We are pleased to announce that the winner of the award for the Best Paper published in 2002 is Stefan Westermann for the paper entitled `Identification of CfNek, a novel member of the NIMA family of cell cycle regulators, as a polypeptide copurifying with tubulin glutamylation activity in Crithidia' [Westermann, S. and Weber, K.(2002). J. Cell Sci.115, 5003-5012].
The prize, $1000, is awarded annually to the first author of the paper that is judged by the Editors and Editorial Board to be the best published in the Journal that year. To be considered for the prize, the first author must be a student or postdoc of no more than five years standing.
Stefan Westermann was born near Hamm, Germany, where he also went to school. He then studied biochemistry at the University of Hannover and for his PhD joined the laboratory of Klaus Weber at the Max-Planck Institute for biophysical Chemistry in Goettingen. There he studied the post-translational glutamylation of microtubules, that is, the attachment of long side chains of glutamic acid to the C-terminus of α- and β-tubulin. This is a very prominent modification in mammalian brain, as well as in basal bodies, cilia and flagella, yet at the time no one knew anything about the enzymology of this process. Because the purification of glutamylation activity from mammalian brains proved to be very difficult, he turned to trypanosomes, such as Crithidia fasciculata, which have a highly glutamylated microtubular cytoskeleton. In a collaboration with Andre Schneider (University of Fribourg, Switzerland) he demonstrated that isolated trypanosomal cytoskeletons contain an activity that incorporates glutamic acid into tubulin in an ATP-dependent manner (Westermann et al., 1999). He then went on to further purify the activity (which involved long hours in the coldroom) and finally cloned the major protein band of the purification. Excitingly, the protein belongs to a family of enzymes that have roles in assembly and maturation of the centrosome as well as in cell cycle regulation (Westermann and Weber, 2002). The challenge is now to find out which other members of the NIMA family (there are 11 in the human genome) have roles in tubulin modification as well. Since very little is known about how MAPs and motor proteins recognize and distinguish different subsets of microtubules within the cell, the tubulin modifications have the potential to become very exciting in the future.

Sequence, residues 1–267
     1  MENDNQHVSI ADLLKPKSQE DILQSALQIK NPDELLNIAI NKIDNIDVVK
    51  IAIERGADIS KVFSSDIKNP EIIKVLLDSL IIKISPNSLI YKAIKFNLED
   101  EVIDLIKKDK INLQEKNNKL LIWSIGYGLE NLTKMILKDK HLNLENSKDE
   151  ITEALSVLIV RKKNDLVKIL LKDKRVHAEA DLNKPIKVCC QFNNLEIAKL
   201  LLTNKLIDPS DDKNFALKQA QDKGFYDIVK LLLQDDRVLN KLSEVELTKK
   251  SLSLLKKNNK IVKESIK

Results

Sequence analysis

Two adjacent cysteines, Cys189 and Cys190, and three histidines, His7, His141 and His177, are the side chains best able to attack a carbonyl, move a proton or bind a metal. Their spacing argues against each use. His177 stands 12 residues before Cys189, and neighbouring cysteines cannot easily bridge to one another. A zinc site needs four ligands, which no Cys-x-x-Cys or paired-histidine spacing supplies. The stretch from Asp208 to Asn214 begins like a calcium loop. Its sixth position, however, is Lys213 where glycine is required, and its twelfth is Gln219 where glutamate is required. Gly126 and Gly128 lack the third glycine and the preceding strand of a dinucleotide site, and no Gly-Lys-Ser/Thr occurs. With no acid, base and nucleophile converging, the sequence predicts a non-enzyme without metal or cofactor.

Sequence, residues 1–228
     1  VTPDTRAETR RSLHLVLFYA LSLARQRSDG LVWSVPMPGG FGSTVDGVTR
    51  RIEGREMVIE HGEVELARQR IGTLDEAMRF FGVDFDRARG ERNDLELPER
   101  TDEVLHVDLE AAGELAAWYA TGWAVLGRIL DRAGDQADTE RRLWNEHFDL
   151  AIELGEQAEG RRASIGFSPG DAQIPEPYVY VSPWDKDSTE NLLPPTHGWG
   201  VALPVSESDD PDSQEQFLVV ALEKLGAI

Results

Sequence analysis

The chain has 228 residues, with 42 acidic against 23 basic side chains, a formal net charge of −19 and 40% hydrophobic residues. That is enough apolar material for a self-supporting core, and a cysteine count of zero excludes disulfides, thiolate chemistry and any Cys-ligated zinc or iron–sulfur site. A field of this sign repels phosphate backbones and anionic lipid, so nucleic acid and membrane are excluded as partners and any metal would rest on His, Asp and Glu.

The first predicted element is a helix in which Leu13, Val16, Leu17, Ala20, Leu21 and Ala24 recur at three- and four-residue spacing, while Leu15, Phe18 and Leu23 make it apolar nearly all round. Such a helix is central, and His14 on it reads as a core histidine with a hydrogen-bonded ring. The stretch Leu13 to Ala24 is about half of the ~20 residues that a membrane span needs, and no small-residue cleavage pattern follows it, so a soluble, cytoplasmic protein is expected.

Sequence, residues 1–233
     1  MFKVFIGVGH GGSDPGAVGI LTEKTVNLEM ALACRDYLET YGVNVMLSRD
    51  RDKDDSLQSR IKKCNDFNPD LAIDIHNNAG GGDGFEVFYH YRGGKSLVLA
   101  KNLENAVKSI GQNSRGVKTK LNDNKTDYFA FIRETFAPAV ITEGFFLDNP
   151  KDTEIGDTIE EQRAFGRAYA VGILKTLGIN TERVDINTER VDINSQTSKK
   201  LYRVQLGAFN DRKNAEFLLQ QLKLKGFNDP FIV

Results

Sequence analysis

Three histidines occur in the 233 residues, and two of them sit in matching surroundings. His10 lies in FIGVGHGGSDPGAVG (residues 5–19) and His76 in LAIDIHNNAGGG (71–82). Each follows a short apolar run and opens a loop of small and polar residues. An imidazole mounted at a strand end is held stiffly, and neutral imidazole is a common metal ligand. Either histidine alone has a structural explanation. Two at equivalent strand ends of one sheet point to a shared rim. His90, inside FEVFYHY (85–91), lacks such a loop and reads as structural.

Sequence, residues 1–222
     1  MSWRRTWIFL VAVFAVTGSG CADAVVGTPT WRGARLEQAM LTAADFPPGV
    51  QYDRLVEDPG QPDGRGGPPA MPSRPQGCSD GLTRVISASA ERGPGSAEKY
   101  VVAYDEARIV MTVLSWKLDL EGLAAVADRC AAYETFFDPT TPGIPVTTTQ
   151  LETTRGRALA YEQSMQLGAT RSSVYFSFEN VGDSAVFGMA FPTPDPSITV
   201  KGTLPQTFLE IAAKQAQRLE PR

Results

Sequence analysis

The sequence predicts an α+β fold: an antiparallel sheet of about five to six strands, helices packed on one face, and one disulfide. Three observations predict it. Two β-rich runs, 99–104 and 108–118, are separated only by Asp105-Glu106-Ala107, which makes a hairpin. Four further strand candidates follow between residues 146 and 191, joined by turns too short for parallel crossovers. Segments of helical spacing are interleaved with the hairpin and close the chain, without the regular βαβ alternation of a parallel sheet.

Stefan started a postdoctoral position in the laboratory of David Drubin and Georjana Barnes at the University of California, Berkeley last summer,where he is currently studying kinetochore proteins in budding yeast.